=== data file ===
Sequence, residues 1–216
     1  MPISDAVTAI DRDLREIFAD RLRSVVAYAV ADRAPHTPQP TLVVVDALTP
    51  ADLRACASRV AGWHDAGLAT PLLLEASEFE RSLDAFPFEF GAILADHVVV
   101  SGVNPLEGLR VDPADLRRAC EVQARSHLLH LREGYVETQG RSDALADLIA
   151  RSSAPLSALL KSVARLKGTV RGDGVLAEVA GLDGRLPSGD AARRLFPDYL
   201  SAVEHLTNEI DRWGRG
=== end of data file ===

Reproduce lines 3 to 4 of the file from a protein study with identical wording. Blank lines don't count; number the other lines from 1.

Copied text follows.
    51  ADLRACASRV AGWHDAGLAT PLLLEASEFE RSLDAFPFEF GAILADHVVV
   101  SGVNPLEGLR VDPADLRRAC EVQARSHLLH LREGYVETQG RSDALADLIA